Sawicki hopes this isn’t the new reality.
“We don’t see as many first-time home buyers,” he said. In prior years before the recession, Sawicki said about a third of his customers were buying their first home. At the moment, he said he does not have any.
Craig Della Penna of Murphy Realtors said at his Florence office earlier this month that the key to the Valley’s stability in this market is its connection to walkable downtown areas.
“Places like Southern California and Arizona, places where there were huge tracts of cookie cutter locations, took it on the chin the worst,” he said. “That doesn’t fit the description here.”
According to Della Penna, historic neighborhoods featuring grid-pattern streets, sidewalks and porches are the ones that are resilient and popular.
“That is the location of the future,” he said. “That type of a layout held stronger and after the recession that is where people want to be.”
He said living in the communities of the Valley brings out civic engagement in people, and residents find themselves more invested in their neighborhoods.
“That means joining thankless long hours on boards and commissions here in the city as a volunteer, or they will participate in ways they probably didn’t where they used to live,” he said.
Della Penna’s specialty is selling houses near conservation land, particularly near bicycle trails that have been converted from old railroad tracks. He believes that such trails have the power to revitalize neighborhoods.
As for the recession, Della Penna said he knew the region had moved beyond it shortly after the 2012 election. Sixty prospective buyers came to an open house the following month in a Florence location.
“Realtors that were experienced around here, we knew we were out of the recession,” he said.
Della Penna had 25 sales in the past year, he said. At the same time, his business skews toward the higher end houses, meaning that he has not sold to as many first-time buyers. He described the market as a seller’s market, meaning that those selling homes have the upper hand over those buying them.
Though they have to act fast, buyers can still take advantage of historically low interest rates despite a recent rate hike approved by the Federal Reserve.
“We heard so much about the federal rate going up, but in actuality rates have come down,” Barbara-Jean DeLoria, senior vice president and director of mortgage lending at Florence Savings Bank, said in an interview this month. “The fed has lowered the interest rates over the past few weeks, which is really interesting.”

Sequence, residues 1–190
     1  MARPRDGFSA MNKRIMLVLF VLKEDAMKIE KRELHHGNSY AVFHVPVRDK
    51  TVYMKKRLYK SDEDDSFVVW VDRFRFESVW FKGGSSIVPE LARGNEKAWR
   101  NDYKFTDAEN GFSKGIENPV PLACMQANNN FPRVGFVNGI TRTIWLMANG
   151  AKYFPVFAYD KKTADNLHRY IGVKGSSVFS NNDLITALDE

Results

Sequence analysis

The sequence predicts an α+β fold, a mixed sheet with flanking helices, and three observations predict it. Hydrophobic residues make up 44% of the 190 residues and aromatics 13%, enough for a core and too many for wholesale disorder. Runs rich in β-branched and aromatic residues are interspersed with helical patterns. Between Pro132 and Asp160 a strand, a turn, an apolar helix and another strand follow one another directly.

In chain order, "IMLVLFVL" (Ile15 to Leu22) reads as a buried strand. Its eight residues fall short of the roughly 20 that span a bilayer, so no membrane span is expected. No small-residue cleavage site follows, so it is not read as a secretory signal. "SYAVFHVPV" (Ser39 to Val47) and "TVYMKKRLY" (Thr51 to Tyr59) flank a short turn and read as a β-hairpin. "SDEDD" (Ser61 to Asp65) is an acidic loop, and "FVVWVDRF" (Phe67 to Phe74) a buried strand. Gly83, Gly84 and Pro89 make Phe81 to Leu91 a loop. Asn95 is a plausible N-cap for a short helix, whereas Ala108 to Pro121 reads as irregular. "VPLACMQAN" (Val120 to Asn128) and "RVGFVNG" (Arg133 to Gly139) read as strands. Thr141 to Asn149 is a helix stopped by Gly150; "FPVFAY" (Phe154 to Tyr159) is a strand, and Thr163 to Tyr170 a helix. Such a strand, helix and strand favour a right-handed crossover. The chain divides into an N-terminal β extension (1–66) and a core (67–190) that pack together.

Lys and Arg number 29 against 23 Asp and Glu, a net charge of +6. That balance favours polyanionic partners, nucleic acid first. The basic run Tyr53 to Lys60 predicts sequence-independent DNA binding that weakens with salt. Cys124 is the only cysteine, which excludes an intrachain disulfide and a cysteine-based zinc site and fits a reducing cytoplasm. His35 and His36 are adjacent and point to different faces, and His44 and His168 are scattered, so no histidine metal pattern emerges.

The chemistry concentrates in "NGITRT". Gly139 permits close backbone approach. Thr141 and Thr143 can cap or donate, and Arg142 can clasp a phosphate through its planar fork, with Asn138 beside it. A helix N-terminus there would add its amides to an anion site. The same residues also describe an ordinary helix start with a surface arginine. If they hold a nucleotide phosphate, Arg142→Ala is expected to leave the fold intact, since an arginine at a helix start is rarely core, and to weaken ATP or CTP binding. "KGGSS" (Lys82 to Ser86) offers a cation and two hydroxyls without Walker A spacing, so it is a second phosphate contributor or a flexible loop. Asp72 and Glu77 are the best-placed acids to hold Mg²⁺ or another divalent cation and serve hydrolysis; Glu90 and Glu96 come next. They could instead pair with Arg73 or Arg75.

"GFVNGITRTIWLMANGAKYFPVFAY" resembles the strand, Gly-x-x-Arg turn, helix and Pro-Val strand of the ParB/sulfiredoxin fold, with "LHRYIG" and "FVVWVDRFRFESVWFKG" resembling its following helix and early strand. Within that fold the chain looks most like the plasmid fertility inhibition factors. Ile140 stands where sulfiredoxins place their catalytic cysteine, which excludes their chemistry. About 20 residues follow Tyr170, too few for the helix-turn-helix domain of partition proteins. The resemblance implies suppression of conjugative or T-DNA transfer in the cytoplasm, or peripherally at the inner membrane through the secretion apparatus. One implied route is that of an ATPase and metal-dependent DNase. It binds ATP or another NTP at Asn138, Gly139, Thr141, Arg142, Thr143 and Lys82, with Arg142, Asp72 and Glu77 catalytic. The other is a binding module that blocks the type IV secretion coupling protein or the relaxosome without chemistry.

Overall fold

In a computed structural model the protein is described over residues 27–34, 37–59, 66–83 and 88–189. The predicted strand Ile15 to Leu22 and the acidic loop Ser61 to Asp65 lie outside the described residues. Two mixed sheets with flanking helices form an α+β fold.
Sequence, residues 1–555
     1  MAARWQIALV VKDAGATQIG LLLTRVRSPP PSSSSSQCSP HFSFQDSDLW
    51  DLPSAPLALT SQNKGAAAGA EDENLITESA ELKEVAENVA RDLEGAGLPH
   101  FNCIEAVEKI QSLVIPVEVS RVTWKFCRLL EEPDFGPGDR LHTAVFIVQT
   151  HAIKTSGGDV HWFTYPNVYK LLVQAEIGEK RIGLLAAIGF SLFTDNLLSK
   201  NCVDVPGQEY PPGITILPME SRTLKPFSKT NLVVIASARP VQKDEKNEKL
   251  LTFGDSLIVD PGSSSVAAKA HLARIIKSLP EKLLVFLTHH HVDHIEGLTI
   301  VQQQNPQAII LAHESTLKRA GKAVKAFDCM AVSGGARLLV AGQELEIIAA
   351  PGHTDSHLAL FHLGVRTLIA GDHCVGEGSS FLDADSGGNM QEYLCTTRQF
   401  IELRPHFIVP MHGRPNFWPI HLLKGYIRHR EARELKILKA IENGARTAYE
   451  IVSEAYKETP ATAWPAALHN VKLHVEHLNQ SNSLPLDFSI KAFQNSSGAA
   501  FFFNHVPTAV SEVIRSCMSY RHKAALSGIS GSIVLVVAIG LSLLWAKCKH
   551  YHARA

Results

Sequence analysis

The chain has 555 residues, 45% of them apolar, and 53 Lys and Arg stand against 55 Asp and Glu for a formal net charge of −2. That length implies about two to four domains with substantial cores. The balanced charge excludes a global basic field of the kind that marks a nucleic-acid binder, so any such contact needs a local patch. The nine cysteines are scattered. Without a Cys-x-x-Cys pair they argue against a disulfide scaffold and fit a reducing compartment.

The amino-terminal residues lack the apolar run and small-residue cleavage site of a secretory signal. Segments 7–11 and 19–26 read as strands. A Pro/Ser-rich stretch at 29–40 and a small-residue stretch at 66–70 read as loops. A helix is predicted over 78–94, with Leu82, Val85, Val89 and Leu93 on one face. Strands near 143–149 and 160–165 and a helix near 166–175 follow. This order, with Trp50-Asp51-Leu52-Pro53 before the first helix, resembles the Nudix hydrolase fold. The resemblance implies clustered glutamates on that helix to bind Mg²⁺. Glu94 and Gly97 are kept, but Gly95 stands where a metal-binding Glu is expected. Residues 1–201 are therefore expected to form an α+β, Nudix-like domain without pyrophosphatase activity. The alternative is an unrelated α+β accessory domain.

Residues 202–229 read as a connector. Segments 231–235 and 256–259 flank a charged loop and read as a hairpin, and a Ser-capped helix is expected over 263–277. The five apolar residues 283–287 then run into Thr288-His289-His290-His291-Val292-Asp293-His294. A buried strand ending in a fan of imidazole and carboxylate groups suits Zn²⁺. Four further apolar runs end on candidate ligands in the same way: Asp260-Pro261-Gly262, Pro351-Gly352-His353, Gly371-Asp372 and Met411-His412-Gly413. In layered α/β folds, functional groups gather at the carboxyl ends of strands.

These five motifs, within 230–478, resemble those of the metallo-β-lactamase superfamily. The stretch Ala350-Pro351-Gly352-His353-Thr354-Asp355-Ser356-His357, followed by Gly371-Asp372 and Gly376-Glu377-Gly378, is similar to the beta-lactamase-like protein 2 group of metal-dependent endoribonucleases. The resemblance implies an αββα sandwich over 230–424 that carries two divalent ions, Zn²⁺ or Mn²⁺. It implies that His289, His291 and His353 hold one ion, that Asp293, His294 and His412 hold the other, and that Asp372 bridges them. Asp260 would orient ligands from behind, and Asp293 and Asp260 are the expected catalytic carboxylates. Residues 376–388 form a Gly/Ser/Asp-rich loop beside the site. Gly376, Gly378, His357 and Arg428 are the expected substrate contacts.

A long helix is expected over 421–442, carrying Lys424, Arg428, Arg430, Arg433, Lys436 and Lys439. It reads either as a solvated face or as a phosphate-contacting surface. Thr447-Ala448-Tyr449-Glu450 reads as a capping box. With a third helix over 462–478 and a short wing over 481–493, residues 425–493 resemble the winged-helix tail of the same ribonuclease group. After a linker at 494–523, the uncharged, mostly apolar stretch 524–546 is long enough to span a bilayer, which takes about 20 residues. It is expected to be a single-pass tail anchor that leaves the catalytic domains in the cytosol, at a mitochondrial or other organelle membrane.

Florence Savings Bank offers a 3.75 percent 30-year mortgage.
“We really are at the bottom,” she said, referring to the rate. “In my 25 years of banking I have seen rates that have been at 12 percent, 7 percent and now as low as 3.5 percent.”
She said she does not expect rates to rapidly increase any time soon. “I don’t think the state of the economy can sustain that,” she said.
DeLoria said the bank determines a potential buyer’s debt-to-income ratio to decide what amount they can afford to borrow. By prequalifying a customer in this way, it gives that customer the knowledge of what they can afford and the power to negotiate, she said.
Mortgages are on the rise in the area. Florence Savings, for example, in 2014 approved 400 mortgages, and in 2015 the number was 523, according to DeLoria.
Countywide, the value of all mortgages rose about 17 percent — from $667 million to $782 million — keeping up with the increase in home sales, according to DeLoria.
Realtor Rachel Simpson of Goggins Real Estate based in Northampton is waiting for the spring.
In the winter of 2014, sales were down because of the cold and snowy weather, and then the market picked up in the spring, as it always does, she said.
Up until some recent snowstorms, the market remained active, but it is slow due to a lack of houses on the market.
“There’s a lot of buyers looking for inventory and there isn’t much inventory,” she said.
The hottest time of the market is the spring, and for that reason many prospective sellers and buyers wait until then to become active in the market.
At the same time, preparing to buy or sell can take time, so Simpson is advising sellers to start cleaning their house and preparing it for showings and buyers to go out and look at some homes.
Simpson said with online listings there is a lot of cursory information available, but that nothing replaces going to see a house in person.
“I encourage people to look and not to be afraid to go look at something even if they are not sure,” she said. “The more you know, the better off you are and the better informed you’re going to be to putting in an offer.”
Dave Eisenstadter can be reached at firstname.lastname@example.org.